Musicians Against Childhood Cancer (MACC) was founded after the untimely death of Phyllis and Darrel Adkins’ daughter Mandy from a brain stem tumor in November of 2000. Mandy had been treated at St. Jude Children’s Research Hospital in Memphis, TN, and the Adkins, who had been promoting a bluegrass festival for many years, decided out of their grief and gratitude to devote the future of their festival to helping provide support for the hospital. From this commitment, Musicians Against Childhood Cancer was formed in the Spring of 2000. Since that time, the festival has donated $432,524.33 to St. Jude and to the YMCA. The festival held in Mandy Adkins’ honor and memory committed to raising money for St. Jude has developed into one of the very finest bluegrass festivals in the country, one that brings together great bands, musicians put together in unusual combinations, and a spirited community for a superlative four day event.
The main performance area is spacious enough to permit a very large stage with seemingly endless lawns in front of it for attendees to place their lawn chairs. Fans seem spread out, because they choose to place chairs in shady spots, but there’s plenty of room for families to put out blankets or tarps on the ground, sit in circles around coolers while they play cards and drink a cold beverage, and listen to the music, or chat without bothering people who are more serious listeners. A good selection of food vendors is located to the rear of the performance area with band tents down the right side for their merchandise tables. Two spacious parking lots permit plenty of day parking. Behind the stage is an area reserved for performers and volunteers where food is served all day, and musicians can hang out with each other. MACC is a festival where musicians come and stay for a while, getting time to visit with each other at their leisure as well as to mix with fans. Musicians performing at MACC volunteer their time, so Darrel Adkins makes certain they are comfortable and have an enjoyable time.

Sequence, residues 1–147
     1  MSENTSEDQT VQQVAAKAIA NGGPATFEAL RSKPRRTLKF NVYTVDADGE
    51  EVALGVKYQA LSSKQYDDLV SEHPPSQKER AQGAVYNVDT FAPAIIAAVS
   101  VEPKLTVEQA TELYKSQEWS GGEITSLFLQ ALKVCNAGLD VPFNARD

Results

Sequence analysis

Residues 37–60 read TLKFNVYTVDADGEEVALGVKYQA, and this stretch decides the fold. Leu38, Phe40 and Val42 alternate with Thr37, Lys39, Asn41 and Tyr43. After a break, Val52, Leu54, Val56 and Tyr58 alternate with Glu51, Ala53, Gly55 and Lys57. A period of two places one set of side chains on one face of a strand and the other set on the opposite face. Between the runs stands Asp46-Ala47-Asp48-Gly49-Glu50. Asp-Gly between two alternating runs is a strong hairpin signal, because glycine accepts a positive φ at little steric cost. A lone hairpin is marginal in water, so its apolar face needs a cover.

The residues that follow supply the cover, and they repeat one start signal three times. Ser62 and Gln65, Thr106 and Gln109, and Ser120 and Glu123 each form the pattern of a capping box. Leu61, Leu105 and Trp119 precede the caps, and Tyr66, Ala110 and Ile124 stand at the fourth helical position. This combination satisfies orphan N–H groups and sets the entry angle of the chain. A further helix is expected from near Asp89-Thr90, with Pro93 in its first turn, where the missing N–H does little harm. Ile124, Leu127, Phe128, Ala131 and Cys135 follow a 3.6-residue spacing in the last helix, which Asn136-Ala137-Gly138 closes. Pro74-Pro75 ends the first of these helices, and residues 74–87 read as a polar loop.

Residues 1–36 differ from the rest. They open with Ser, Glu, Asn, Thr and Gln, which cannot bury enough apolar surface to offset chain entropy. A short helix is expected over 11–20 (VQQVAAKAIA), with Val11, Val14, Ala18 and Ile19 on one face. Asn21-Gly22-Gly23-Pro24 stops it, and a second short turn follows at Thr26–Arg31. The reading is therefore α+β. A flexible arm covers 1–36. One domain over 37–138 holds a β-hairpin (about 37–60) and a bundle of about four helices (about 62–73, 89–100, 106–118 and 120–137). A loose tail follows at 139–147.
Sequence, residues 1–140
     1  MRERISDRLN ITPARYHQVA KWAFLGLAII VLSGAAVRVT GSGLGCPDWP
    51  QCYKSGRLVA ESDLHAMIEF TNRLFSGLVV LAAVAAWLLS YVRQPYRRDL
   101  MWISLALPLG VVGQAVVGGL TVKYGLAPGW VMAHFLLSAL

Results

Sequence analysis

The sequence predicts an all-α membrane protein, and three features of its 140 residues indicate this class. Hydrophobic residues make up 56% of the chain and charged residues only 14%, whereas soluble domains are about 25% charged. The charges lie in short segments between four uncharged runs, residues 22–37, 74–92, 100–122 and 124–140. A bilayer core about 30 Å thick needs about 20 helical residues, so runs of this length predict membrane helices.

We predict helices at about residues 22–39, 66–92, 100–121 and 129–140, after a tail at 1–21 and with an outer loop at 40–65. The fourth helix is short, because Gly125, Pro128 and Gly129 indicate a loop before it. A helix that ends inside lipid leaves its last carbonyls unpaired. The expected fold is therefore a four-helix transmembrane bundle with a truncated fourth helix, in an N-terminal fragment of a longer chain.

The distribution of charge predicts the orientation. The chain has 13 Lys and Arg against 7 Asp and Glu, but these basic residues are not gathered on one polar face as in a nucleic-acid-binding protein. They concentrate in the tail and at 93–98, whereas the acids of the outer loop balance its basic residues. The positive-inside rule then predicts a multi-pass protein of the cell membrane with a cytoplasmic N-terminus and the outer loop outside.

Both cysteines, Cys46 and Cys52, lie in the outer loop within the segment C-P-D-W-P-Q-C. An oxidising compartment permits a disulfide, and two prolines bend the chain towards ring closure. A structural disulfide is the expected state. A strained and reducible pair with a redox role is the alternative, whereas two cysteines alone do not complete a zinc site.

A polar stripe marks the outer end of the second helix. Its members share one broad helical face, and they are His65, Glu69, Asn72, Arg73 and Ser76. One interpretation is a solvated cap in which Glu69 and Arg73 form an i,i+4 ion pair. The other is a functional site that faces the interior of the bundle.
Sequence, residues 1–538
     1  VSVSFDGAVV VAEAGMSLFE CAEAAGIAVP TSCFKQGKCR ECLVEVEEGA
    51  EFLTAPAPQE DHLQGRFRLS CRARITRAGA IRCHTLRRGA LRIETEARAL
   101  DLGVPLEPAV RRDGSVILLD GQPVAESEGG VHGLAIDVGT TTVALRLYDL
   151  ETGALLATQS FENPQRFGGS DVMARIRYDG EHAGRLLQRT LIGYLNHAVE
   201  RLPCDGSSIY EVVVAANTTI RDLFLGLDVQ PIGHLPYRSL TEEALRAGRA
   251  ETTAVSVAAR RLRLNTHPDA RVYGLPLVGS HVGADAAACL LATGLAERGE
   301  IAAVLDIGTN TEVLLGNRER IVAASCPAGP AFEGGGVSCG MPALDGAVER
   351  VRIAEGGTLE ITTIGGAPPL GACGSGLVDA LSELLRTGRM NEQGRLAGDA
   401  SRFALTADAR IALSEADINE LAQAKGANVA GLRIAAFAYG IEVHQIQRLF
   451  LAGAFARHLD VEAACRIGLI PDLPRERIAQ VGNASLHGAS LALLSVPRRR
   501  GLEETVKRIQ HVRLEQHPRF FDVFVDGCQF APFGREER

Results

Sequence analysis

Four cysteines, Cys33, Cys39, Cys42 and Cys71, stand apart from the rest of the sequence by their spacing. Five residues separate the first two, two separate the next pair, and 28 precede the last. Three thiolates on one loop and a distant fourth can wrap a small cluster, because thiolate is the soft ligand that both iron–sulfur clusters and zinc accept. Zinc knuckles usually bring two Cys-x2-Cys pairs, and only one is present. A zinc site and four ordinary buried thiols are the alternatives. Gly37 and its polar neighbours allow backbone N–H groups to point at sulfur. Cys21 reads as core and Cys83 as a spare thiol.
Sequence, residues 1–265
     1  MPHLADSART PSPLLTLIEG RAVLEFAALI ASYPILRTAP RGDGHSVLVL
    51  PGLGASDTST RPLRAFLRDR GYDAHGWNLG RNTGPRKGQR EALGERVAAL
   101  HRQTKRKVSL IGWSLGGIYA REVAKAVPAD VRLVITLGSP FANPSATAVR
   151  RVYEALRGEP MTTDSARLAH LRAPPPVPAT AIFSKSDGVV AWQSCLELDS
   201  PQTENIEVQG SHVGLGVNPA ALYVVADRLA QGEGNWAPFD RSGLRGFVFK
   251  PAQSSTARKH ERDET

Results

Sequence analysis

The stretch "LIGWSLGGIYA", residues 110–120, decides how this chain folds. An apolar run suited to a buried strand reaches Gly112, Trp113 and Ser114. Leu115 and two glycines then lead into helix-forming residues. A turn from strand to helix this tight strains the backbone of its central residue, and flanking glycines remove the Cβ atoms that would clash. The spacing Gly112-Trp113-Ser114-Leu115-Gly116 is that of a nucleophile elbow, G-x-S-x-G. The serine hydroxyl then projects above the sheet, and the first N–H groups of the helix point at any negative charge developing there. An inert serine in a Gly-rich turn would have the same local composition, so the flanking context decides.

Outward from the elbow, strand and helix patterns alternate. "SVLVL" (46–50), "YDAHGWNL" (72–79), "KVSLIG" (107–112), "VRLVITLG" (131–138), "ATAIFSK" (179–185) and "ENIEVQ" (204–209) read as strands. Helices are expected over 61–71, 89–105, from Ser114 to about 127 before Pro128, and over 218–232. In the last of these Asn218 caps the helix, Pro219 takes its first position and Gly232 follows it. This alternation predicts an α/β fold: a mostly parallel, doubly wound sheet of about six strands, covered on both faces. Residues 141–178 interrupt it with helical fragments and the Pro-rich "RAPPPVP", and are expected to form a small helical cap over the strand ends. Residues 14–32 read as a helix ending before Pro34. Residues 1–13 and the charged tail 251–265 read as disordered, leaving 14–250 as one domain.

Volunteers Take a Break
The stage is large, featuring the best stage lighting anywhere. The sound system, coordinated by Jim Winchester’s Gem Sound and provided by Soundwave, a full service sound production company. Sound engineer Tom Feller assures the quality of each performance. Soundwave’s list of former clients runs from rap to rock to country to bluegrass. Using what are known as line array speakers, the system (to my very limited understanding) apparently is capable of delivering sound much more accurately to all sections of an audience without ever having to overwhelm anyone with too much volume. Don’t ask me to explain how, but I can tell you the sound at MACC was clearer and more easily heard both close up and at a distance than any other sound system I’ve ever heard. Musicians I talked with all said the sound, from their point of view, allowed them to hear their own music in order to improve their playing. The audience was treated to the clearest, most listenable sound found anywhere.
July 22 - 25